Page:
BRITS face the biggest shutdown in a century after the militant RMT boss refused to rule out a de facto national strike.
Leftie agitator Mick Lynch threatened to plot “coordinated” walkouts with other unions to cause maximum misery.
RMT militant leader Mick Lynch refused to rule out a general strikeCredit: PA
Queues build at London’s Liverpool Street Station at last Monday’s Tube strike
A de facto general strike could see workers across industries including aviation, schools and health down tools.
Mr Lynch is already orchestrating three days of rail strikes later this month to bring the country’s trains to a standstill.
And today he warned of even more chaos by hinting he could scheme with other union leaders to unleash mammoth disruption.
Asked about organising a mass walkout, Mr Lynch told LBC it would make sense for workers to leverage their power”.
While insisting “coordination is different to a general strike”, he warned: “I’m not saying it won’t take place.”
He hinted that woes paralysing other industries could light the match for the first general strike since 1926.
He said: “We’re ahead of the band in that sense, because we’ve got direct issues.
“But if you look at what’s happened in the aviation industry where they cut 1000s and 1000s of jobs, and now they can’t operate the airport to the airlines…So something needs to be done about this.”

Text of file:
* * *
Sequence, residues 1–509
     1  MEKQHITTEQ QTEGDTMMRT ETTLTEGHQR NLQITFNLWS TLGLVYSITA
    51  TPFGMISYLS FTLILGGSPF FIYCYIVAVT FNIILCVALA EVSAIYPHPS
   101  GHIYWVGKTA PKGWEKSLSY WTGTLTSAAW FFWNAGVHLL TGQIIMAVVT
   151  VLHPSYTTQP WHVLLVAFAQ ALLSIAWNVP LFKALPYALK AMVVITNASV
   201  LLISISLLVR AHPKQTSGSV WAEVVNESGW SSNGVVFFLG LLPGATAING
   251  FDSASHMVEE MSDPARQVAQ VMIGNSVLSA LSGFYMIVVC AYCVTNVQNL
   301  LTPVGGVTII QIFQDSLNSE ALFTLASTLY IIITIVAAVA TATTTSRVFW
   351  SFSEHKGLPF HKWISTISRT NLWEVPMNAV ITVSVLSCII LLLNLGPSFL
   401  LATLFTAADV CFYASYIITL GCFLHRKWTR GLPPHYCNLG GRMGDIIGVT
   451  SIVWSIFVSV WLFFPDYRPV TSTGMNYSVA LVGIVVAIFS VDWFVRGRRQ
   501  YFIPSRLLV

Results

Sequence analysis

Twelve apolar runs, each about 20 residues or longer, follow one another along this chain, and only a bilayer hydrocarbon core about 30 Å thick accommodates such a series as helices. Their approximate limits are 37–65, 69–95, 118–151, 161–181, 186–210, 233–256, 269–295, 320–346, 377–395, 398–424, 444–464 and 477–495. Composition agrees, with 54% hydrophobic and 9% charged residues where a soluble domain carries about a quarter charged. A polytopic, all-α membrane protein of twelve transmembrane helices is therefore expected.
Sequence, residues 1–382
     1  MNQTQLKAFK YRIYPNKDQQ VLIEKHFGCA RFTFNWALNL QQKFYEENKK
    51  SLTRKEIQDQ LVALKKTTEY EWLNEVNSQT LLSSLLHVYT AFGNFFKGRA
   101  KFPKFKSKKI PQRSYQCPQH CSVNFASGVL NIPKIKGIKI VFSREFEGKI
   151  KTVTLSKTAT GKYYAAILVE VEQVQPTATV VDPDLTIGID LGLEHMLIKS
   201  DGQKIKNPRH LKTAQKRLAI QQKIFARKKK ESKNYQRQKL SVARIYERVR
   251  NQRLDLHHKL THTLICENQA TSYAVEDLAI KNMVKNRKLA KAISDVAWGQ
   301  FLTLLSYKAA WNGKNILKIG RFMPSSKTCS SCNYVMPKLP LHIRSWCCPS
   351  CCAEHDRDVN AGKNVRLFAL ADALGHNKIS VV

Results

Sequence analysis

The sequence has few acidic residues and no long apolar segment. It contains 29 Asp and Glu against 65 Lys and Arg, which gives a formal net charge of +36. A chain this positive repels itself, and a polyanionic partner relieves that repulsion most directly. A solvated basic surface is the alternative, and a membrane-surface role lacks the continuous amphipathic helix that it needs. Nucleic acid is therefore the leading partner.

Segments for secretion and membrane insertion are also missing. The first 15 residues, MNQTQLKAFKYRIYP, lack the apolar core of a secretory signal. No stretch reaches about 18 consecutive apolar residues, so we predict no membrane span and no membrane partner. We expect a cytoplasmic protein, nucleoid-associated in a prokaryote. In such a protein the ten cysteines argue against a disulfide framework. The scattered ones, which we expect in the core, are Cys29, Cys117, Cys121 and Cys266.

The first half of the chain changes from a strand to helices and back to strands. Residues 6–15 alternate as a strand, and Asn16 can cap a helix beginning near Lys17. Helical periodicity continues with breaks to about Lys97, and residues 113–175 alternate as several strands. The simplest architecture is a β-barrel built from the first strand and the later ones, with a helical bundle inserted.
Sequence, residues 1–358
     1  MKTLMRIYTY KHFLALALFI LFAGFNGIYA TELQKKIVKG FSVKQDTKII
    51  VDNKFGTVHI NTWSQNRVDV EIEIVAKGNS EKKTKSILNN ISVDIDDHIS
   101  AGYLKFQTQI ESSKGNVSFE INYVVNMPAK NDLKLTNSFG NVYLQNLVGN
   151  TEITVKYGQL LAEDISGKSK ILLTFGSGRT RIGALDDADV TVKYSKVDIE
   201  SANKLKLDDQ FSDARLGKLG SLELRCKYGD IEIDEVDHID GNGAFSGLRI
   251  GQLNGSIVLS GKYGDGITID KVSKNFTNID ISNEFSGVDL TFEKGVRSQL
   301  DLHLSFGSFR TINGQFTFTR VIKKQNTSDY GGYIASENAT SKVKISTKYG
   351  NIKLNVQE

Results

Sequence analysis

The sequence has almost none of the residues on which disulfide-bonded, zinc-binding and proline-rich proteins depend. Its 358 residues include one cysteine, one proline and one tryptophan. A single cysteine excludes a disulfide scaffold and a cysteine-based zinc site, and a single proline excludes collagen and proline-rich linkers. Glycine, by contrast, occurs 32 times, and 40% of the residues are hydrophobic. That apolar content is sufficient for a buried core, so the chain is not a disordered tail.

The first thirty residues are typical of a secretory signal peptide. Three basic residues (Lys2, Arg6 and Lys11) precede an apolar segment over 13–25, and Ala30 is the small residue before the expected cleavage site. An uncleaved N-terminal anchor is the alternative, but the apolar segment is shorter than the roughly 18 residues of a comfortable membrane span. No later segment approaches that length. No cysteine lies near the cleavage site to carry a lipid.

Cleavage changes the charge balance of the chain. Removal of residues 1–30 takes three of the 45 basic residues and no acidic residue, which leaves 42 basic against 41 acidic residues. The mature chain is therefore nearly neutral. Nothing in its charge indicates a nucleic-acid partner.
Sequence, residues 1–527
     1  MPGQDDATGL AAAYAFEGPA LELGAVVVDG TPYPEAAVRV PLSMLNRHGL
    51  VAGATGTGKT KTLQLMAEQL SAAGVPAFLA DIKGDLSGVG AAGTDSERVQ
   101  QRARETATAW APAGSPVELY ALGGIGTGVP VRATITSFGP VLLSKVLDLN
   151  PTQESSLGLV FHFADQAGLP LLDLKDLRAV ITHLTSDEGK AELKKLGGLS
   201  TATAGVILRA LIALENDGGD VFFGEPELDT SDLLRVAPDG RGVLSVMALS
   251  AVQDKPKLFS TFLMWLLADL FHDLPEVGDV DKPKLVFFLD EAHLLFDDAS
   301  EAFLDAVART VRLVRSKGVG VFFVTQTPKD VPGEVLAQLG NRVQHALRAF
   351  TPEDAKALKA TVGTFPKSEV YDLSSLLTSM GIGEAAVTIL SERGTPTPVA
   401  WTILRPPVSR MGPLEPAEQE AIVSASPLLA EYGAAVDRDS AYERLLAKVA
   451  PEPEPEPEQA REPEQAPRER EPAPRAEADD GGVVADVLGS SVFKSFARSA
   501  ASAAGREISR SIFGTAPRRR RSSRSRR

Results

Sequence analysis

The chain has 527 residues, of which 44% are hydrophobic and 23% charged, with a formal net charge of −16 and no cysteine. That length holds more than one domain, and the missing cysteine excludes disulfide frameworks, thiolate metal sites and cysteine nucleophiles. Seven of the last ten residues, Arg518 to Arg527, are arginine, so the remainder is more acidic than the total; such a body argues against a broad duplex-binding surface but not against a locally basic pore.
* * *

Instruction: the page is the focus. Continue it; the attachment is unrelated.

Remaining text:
It is illegal for workers to go on strike in support of others, although militants could get around it.
Top lawyer Bruce Carr QC warned a “de facto national strike” could happen with each union holding separate ballots.
Ministers have slammed the strike set to wreak havoc on Glastonbury, the Commonwealth Games and exams.
Grant Shapps is drawing up plans to draft in agency staff to ensure a minimum service if strikes threaten to paralyse travel.
Labour shadow chancellor Rachel Reeves refused to back No10’s bid to curb the power of unions.
RMT workers are demanding more money and for rail bosses to abandon planned staff cuts.
Tube strikes are set to take place at the same time in a double-whammy blow for passengers.
Sadiq Khan said: “We agree with you that Boris Johnson should no longer be Prime Minister, and we hope you will agree with us that the Government must come forward with a sustainable funding model for TfL.”
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